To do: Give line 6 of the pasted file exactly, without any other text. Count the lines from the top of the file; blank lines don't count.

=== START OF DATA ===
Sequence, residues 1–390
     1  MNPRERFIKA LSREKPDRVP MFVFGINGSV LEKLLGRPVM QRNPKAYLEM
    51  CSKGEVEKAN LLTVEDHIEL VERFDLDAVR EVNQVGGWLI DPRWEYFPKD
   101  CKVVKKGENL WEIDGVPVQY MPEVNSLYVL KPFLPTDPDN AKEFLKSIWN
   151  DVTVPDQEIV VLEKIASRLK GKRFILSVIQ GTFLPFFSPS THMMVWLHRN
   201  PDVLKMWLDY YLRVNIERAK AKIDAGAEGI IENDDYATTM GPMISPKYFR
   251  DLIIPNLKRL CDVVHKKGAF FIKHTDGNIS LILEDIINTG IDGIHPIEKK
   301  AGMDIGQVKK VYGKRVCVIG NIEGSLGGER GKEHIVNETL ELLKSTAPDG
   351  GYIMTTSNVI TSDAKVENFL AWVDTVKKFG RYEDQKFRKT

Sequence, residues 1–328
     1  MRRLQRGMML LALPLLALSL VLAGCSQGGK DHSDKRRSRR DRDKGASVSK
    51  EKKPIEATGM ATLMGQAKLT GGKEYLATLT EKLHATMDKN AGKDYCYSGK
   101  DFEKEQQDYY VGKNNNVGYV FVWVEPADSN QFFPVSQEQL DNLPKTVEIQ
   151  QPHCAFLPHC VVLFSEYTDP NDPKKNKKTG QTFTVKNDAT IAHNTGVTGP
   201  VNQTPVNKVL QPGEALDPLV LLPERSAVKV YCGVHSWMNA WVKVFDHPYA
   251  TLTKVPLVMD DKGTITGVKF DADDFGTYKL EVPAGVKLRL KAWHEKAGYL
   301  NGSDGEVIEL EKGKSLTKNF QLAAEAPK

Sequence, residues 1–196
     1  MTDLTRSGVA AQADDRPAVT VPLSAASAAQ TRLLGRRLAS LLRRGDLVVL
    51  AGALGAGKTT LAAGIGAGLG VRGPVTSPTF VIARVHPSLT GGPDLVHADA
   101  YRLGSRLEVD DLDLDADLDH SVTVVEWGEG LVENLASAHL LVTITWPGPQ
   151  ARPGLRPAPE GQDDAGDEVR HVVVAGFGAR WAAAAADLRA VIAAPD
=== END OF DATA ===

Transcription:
   201  PDVLKMWLDY YLRVNIERAK AKIDAGAEGI IENDDYATTM GPMISPKYFR